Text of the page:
An anarchist among jihadists
A view from the grassroots of the Syrian revolution
As an anarchist it wasn’t easy for me to be among Jihadists, but for some reason, it wasn’t the same treating them as a doctor.
From the first moment I entered the hospital where I was working I was clear that I would treat anyone who needed my help, be they civilians, or fighters from any group, religion or sect. I was determined that no one would be mistreated inside that hospital, even if they were from Assad’s army.
It is true that not all the free army militants are devoted jihadists, although most of them think — or say — that what they are practising is ‘Jihad’. But the truth is that there are a lot of ordinary people among them, as in any armed struggle.
Yes, I helped some jihadists to survive and others to go back to fight. But my real intention was to help the masses I belong to, firstly as a physician, and secondly as an anarchist.
My real problem, and that of the oppressed in general I think, is not with god himself, but with human beings who act as gods and are so sick with authority that they think and act like gods, be they secular dictators like Assad or Islamic imams.
God himself is never as deadly dangerous as those who ‘speak’ for him.
My first and lasting impression about the current situation in Syria is that there is no longer a popular revolution going on there. What is taking place is an armed revolution that could now simply degenerate into a civil conflict.
The Syrian people — who showed unprecedented courage and determination in the first few months of the revolution, defying Assad’s regime despite its brutality — are now exhausted. Nineteen long months of fierce repression, hunger, widespread scarcity and continuous bombardment by the regime’s army have weakened their spirit. And the beneficiary of all this hasn’t been the regime, but the opposition, especially the Islamists.
Drawing on its international relationships — especially those with the rich Gulf despotisms — the latter can now feed and support the hungry population in the areas controlled by its forces. Without such support, a grave humanitarian situation would be taking place.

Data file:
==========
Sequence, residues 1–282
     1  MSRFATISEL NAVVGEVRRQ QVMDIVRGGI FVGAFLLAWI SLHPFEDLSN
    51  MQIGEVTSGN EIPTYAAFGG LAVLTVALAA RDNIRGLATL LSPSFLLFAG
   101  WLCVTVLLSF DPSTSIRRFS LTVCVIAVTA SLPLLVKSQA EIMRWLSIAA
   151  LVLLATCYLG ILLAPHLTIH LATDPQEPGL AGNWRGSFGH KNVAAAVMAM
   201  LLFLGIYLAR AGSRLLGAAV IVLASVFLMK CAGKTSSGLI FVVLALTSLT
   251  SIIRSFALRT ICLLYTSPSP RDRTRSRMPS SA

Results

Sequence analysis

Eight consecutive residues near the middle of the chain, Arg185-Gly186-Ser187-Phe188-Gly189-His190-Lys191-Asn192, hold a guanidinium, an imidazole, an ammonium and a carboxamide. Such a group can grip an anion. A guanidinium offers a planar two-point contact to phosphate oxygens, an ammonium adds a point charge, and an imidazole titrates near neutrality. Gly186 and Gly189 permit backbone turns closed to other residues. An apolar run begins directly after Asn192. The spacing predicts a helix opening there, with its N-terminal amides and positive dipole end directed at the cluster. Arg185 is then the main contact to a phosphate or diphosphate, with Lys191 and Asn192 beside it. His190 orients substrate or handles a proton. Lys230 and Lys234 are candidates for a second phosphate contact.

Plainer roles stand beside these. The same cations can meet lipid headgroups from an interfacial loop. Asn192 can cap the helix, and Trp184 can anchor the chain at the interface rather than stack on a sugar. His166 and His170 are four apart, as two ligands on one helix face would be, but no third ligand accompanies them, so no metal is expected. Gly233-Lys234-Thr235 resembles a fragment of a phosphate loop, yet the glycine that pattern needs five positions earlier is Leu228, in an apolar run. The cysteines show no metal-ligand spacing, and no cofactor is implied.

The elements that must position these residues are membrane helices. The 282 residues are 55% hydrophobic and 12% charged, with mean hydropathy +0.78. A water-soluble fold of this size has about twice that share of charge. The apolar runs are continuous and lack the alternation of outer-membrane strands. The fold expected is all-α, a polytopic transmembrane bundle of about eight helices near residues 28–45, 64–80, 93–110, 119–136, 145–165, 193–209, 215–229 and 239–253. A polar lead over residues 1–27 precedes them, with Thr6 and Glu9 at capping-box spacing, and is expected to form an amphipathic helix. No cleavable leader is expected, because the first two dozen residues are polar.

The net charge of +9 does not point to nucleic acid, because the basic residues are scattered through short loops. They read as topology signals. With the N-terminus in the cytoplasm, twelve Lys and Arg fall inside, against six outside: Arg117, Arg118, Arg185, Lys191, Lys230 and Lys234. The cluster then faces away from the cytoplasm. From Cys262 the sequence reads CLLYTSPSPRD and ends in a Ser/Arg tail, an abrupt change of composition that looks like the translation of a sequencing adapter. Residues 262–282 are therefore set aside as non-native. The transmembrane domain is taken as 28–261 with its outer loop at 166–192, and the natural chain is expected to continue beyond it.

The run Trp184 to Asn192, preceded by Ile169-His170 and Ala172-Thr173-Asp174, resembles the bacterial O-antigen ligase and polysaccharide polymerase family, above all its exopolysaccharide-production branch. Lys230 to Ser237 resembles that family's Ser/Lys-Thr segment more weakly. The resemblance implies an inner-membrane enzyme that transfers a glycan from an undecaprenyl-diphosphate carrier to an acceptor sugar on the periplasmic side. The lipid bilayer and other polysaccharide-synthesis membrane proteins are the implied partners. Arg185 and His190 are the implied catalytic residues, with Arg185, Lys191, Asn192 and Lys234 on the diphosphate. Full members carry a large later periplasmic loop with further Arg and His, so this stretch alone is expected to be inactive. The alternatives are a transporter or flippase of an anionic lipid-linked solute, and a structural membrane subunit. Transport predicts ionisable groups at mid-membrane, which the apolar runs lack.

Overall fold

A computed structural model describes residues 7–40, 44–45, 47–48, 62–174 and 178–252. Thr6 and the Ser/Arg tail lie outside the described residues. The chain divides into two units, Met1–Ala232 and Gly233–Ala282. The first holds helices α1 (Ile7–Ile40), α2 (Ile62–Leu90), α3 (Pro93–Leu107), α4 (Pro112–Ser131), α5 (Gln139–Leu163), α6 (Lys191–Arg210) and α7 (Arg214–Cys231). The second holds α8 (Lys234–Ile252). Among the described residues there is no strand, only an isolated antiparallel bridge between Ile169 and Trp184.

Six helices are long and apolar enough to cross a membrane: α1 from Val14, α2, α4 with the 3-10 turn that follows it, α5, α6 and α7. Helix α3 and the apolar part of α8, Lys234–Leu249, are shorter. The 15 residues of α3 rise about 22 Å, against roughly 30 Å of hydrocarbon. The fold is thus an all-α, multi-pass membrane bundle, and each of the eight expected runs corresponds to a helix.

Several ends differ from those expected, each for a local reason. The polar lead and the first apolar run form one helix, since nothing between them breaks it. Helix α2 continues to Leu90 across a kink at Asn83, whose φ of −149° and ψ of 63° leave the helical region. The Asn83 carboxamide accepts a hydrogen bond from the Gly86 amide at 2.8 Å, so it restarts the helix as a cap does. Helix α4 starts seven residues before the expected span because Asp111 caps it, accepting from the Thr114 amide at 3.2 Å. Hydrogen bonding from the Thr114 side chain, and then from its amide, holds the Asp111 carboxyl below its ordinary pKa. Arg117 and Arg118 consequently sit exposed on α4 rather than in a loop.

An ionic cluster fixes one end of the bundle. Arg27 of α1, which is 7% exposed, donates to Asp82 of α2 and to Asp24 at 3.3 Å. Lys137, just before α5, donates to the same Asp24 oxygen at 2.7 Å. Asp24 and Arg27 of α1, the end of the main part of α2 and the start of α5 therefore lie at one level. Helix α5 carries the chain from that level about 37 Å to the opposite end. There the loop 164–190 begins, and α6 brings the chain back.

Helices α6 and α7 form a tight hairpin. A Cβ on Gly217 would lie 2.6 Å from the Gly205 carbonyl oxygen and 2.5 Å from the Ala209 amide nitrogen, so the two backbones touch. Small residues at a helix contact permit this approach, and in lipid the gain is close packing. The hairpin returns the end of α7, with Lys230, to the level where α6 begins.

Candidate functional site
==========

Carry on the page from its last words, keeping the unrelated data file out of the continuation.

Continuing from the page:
But this support is not provided for free, either by the Gulf rulers or the opposition leaders. They, like any other authoritarian force, are asking the masses for submission and obedience, and this can only mean the real death of the Syrian revolution as a courageous popular act of the Syrian masses.
The problem with what is happening now in Syria is not only the difficult and bloody process of changing a ruthless dictatorship, but that we may be substituting it with another dictatorship, which could be worse and bloodier.
Early in the revolution, a small number of people — mainly devoted Islamists — claimed to represent the revolting masses and appointed themselves the true representative of the revolution. This went unchallenged by the mainstream of the revolutionary masses and intellectuals. We [anarchists] opposed these claims, but we were — and still are — too few to make any real difference.
These people claimed that what was taking place was a religious war, not just a revolution of oppressed masses against their oppressor, and they aggressively used the fact that the oppressor [Assad] was from a different sect of Islam than the majority of the people he was exploiting — a sect that Sunni scholars have judged to be against the teachings of true Islam.
We were shocked by the fact that the majority of Alawis (the sect of the current dictator), who are poorer and more marginalised than the Sunni majority, supported the regime; and participated in his brutal suppression of the revolution. And this was used as ‘evidence’ of the ‘actual religious war’ taking place between Sunnis and Alawis.
Then came the material support from the Gulf rulers.
Now the potential for any real popular struggle is decreasing rapidly. Syria today is governed by weapons, and only those who have them can have a say about its present and future.
And this is not just true for Assad’s regime and its Islamic opposition. Everywhere in the Middle East the great hopes are disappearing rapidly. The Islamists seem to be getting all of the benefits of the people’s courageous struggles and could easily initiate the process of establishing their fanatical rule without strong opposition from the masses.
The other issue that I think is important for us — Arab anarchists and the Arab masses — is how to build the libertarian alternative. That is, how to initiate effective anarchist or libertarian propaganda and build libertarian organisations.
To tell the truth, I have never tried to convince anyone to be an anarchist and have always thought that trying to affect others is another way of practicing authority upon them.
But now I see this issue from another perspective. It is all about making anarchism ‘available’ or known to those who want to fight any oppressing authority, be they workers, the unemployed, students, feminists, the youth, or ethnic and religious minorities.
It is about trying to build an example — or sample — of the new free life, not only as a living manifestation of its potential presence, but also as a means to achieve that society.
Our Stalin or Bonaparte is not yet in power, and the Syrian masses still have the opportunity to get a better outcome than that of the Russian revolution. It is true that this is difficult and is becoming more so every minute, but the revolution itself was a miracle, and on this earth the oppressed can create their miracles from time to time.
We, Syrian anarchists, are putting all our cards and all our efforts with the masses. It could be no other way, or we would not deserve our libertarian name